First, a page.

Laura Miller was transfixed by Wendy Moore’s “How to Create the Perfect Wife,” which exlores the hidden life of 18th century abolitionist Thomas Day. Day would have been considered a catch during his time -- except that he didn't believe in love, and surreptitiously groomed a wife:
Throughout history, men convinced that women exist solely to serve their needs have been flummoxed to discover that women see things otherwise. Day, however, believed that he had reason and Rousseau on his side. If he could not find an already-grown woman who possessed every quality he required in a spouse, why not make one to order? In 1769, he visited a foundling home and, pretending to be seeking maidservant apprentices for a married friend, secured two girls, aged 12 and 11. His aim: educating and training them to meet his precise specifications in a wife, then marrying the one who best suited him. He even renamed his experimental subjects: Sabrina and Lucretia.
Kyle Minor admires the wit and wordplay of Mary Roach’s newest taboo exploration, “Gulp: Adventures on the Alimentary Canal,” which he says reads more like David Foster Wallace and Ian Frazier than the niche writers who occupy the far corner of the science book world:
Mary Roach writes bestsellers, and a reviewer might be tempted to attribute her success to her choice of subjects, which traffic mostly in taboos about the human body, and which are often succinctly described in a subtitle which follows a high-octane, memorably single-word title. To name three: “Stiff: The Curious Lives of Human Cadavers.” “Spook: Science Tackles the Afterlife.” “Bonk: The Curious Coupling of Science and Sex.”These titles make big promises. Implicit in them is the notion that the reader is not only going to get the science and the prurience, but also (Stiff, Spook, Bonk) a fair acquaintance with good humor, wordplay and the music language can make. When these promises pay off – and in Roach’s books, they always do – it’s more pleasure than learning, which is an extraordinary thing to say about books so packed with previously esoteric information hard won by research.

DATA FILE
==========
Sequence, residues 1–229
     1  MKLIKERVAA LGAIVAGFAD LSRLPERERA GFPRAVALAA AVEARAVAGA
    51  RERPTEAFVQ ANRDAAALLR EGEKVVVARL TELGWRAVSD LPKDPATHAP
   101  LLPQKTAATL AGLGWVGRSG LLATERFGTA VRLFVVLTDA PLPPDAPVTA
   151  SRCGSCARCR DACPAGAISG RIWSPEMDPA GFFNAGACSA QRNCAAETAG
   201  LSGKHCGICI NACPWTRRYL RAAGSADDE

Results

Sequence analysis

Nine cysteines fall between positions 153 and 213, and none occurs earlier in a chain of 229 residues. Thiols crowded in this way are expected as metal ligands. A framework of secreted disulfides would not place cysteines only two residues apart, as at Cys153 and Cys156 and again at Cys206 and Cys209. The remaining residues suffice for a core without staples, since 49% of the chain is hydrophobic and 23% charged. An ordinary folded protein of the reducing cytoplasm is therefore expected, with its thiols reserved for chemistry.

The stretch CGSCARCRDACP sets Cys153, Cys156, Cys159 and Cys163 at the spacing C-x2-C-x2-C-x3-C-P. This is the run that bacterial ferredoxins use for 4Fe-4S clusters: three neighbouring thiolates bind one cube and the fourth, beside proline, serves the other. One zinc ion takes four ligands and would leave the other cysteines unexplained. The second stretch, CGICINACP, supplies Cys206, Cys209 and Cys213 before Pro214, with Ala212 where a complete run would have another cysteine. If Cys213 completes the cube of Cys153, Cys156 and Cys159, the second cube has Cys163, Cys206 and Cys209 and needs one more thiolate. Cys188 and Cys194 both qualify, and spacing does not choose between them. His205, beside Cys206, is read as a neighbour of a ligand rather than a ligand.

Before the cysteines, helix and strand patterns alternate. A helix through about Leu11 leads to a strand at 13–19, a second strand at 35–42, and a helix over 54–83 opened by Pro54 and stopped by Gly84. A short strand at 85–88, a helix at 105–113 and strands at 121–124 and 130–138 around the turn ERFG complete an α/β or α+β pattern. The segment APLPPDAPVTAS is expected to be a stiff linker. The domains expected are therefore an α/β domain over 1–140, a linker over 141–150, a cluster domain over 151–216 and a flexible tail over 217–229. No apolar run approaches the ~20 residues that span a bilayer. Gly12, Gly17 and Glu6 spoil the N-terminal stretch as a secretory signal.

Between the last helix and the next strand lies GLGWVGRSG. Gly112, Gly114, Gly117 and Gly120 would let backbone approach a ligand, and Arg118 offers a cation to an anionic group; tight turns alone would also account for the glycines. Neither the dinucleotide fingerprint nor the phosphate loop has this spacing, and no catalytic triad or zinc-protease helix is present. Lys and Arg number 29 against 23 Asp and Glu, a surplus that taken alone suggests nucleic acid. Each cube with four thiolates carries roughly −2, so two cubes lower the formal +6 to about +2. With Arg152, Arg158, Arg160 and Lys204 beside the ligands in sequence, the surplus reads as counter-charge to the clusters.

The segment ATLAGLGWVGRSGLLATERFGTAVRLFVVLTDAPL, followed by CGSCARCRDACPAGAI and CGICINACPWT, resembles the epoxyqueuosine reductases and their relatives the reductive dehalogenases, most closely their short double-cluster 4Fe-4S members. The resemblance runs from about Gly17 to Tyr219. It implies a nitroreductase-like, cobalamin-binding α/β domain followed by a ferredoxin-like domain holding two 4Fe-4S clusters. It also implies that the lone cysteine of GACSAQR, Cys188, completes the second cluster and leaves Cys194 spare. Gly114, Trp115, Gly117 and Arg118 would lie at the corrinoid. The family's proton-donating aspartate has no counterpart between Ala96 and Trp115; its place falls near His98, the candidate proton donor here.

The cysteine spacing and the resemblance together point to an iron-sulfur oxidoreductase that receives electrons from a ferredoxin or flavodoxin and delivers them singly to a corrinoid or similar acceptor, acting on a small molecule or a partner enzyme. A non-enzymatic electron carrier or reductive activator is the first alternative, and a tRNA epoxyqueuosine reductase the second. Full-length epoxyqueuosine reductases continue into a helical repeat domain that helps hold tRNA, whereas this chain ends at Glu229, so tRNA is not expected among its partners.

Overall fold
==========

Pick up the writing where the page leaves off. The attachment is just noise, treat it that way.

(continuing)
“The Tree of Life” director Terrence Malick is out with “To the Wonder,” an “abstract portrait of love and marriage” that film critic Andrew O’Hehir recommends despite what he predicts will be a “largely negative critical response”:
Is there a story, in this film where ordinary conceptions of plot and character are pushed so far into the background? Yes, absolutely – it’s another version of the story Malick has been telling since “Badlands” and “Days of Heaven,” the story he revisited in the strongest parts (or so I felt, at least) of “The Tree of Life.” It’s the story of a man and a woman lost in America, alone together against the gorgeous, imposing and sometimes menacing wide-open spaces of the West. It’s also the story, a little deeper under the surface, of how that beautiful landscape has been betrayed, undermined and literally poisoned by those who came from Europe and from the East to live in it.
Three seasons in, A&E’s “Duck Dynasty” continues to bring in high ratings because, as Willa Paskin notes, it’s “just a great sitcom in reality TV trappings”:
I suspect that one of the reasons that “Duck Dynasty” has been so successful is that it is actually dog whistling to the men it is aiming for on the right frequency: Not only is it really funny, it’s about a bunch of guys who have not been sanded down for network TV. Because “Duck Dynasty” is a reality show, it’s allowed to be culturally, politically and socially complicated about class and religion and the South in a way network comedies with their mandate to appeal to everyone cannot be. “Duck Dynasty” is a better sitcom for all the freedom being a reality show brings it.